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Parents Who Make Writing Work: Brittney Trescott Cassity

We have another West Virginia parent to feature today! Brittney Trescott Cassity, who writes under the name Josie Dorans shares her insight on writing when her kids were younger.

Becca: What was your writing routine before having kids?

Brittney: I married young and had my boys young. I was only 19 when we tied the knot. I had my first son a month before my 21st birthday and second son just after I turned 23. I honestly didn’t have a writing routine before I had kids. I had school assignments and sporadic bursts of creativity that I consider more of an outlet than writing for a finished product. Then I had the first taste of grown-up freedom and lost the urge for a while.

Becca: How did that change after having kids?

Brittney: I started getting “serious” about writing when my husband went to Iraq as a civilian contractor in 2005. I was telling my boys a continuing story every night involving a very small dragon. They started wanting those stories repeated so I started writing them down. Then I started illustrating the stories for them. The whole thing evolved into a self-published children’s book. That led into another book, and another, and another until I had four children’s books for a variety of ages and reasons. Next was a perpetual planner based on a blog I had going. By that time, the boys were older so I was balancing the niceness of children’s books (and the interesting challenges of being the mother of teenaged boys) with some feistier work under a pen name.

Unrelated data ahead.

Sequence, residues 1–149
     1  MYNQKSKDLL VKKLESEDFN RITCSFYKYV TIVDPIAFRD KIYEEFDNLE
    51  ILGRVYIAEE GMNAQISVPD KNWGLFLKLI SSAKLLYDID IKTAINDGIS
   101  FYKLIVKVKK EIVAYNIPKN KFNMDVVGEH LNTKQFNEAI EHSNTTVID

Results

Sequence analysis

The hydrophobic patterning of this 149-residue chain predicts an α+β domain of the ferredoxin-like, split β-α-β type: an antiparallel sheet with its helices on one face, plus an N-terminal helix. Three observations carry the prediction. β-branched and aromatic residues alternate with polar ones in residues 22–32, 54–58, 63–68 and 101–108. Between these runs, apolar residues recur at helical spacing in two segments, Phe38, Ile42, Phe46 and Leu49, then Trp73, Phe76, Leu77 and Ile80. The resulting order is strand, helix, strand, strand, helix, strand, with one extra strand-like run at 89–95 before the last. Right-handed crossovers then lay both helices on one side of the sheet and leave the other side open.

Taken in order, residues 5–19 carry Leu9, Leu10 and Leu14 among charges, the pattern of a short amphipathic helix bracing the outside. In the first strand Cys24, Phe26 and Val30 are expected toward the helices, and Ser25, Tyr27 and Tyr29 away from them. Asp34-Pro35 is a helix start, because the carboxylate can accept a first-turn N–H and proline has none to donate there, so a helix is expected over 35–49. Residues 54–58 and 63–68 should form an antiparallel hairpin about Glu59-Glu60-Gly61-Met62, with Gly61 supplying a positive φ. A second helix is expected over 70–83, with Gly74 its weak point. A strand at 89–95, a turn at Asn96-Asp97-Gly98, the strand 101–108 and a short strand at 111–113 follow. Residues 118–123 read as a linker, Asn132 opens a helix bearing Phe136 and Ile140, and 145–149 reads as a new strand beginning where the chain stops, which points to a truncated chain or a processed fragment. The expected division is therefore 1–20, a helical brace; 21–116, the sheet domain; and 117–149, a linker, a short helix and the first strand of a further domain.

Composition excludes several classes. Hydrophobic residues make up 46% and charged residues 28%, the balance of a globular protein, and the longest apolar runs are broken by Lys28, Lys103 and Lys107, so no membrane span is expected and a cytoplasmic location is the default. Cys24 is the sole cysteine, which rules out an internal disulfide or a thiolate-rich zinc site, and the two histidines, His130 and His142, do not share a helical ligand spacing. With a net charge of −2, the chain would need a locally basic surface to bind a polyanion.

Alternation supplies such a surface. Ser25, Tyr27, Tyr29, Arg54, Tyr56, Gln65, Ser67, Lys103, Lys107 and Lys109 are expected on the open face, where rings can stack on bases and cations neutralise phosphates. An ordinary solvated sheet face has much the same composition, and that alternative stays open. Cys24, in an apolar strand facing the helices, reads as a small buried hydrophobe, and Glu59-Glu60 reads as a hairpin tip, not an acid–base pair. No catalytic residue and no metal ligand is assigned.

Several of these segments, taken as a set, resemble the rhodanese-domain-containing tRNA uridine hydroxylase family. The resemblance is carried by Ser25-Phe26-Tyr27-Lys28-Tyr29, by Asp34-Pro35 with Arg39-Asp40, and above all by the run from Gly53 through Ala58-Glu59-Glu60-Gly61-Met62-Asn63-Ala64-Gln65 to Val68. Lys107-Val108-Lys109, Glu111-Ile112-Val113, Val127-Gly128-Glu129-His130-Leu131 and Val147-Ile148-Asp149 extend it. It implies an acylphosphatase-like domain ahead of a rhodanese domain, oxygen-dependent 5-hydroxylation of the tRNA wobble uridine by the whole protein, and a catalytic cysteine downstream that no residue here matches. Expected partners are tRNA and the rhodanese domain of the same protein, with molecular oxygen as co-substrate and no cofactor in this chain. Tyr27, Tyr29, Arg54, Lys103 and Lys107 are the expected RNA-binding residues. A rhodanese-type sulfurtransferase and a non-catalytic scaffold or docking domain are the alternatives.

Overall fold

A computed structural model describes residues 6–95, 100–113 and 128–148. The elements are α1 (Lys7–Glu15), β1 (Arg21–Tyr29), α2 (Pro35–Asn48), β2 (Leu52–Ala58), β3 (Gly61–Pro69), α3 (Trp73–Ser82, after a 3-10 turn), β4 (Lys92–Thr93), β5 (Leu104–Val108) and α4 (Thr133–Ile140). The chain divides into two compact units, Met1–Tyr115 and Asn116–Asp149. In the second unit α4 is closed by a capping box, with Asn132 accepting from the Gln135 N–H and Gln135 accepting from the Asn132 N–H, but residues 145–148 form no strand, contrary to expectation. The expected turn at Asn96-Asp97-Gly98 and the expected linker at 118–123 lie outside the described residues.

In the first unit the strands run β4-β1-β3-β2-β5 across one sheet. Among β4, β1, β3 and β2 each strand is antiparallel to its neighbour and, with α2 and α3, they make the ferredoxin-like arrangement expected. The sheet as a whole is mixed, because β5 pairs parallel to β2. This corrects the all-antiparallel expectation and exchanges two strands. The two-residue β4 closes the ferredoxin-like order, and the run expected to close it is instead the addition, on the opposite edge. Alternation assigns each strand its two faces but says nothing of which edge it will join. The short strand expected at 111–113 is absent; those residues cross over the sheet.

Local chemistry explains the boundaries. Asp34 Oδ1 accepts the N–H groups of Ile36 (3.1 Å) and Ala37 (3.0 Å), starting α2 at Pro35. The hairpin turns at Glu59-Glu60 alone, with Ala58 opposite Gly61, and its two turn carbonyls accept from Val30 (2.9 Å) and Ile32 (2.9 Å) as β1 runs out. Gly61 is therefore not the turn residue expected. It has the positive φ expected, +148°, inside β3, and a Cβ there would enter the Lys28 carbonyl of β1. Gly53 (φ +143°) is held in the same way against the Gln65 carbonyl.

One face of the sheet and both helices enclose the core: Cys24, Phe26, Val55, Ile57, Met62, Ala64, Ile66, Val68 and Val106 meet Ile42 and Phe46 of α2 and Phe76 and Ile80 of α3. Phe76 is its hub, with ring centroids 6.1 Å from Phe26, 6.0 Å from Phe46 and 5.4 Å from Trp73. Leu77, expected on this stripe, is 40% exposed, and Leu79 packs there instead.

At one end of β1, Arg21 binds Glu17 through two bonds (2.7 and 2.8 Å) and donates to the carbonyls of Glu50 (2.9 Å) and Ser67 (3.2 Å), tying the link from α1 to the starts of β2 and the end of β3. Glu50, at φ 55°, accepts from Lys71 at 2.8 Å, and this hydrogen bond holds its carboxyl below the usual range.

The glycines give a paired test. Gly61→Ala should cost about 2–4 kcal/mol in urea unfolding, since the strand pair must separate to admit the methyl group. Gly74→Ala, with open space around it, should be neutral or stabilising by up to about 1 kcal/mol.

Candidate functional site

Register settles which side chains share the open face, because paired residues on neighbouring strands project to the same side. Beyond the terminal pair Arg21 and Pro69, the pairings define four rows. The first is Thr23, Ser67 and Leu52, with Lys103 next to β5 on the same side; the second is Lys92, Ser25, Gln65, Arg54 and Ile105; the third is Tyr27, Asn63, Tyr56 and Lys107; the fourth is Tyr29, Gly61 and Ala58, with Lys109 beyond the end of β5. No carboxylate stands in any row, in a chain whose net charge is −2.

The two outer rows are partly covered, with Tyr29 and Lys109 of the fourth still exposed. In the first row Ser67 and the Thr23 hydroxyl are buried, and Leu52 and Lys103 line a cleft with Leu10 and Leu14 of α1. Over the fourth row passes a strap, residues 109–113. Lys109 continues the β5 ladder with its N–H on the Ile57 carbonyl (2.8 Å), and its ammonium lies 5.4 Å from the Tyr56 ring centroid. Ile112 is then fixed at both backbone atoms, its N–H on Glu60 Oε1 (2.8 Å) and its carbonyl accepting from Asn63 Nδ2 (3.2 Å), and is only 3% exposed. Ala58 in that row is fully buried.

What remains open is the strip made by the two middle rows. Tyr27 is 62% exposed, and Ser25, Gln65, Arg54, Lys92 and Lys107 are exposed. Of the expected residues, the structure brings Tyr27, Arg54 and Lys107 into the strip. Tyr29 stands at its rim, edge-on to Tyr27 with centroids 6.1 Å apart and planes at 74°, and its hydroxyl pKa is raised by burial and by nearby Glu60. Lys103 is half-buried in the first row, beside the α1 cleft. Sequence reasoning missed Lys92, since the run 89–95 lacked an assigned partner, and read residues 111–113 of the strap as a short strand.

Becca: How is your writing itself influenced by having kids?

Brittney: I think I’ve always written for my kids. I write stories to help them build a better world even when I am writing a world that I would not want to live in. I believe that stories are the blueprints that we give our children so that they can build their world based on the lessons they learn from what they read. Even at my pen name’s worst, I try to write in a path to a better future. If I hadn’t had children, I’m not sure that I would recognize how important that is to include. I also try to write things that my grown sons can be proud to say their mother created. I don’t necessarily mean the story. They will never get into some of the plots. Still, I try to make the writing solid so they can recommend my books because they think someone will like them and not just because I’m their mom.

Becca: What advice do you have for parents of young kids who want to write?

Brittney: Do it! That doesn’t mean you have to turn it into a job or your career although you definitely can if that is what you want to do. But embracing writing because you love it shows your kids to embrace their own passions. Writing helps you express your joys and your fears. It is an awesome outlet and it can help you work your way to answers when you need them the most. It helps build your foundation stronger. Your children will benefit from the experience of watching you grow as an adult. Share your love of writing with them. Write something just for them even if it isn’t what you would normally write – maybe especially if it isn’t what you would normally write. Let your writing build another bond with your kids. If you’re worried about a writing schedule with the demands you have as a parent, don’t worry about keeping up with a word count or amount of writing time until your demands lighten and more time for yourself appears. Write when you can and for as long as you can. Find YOUR way.

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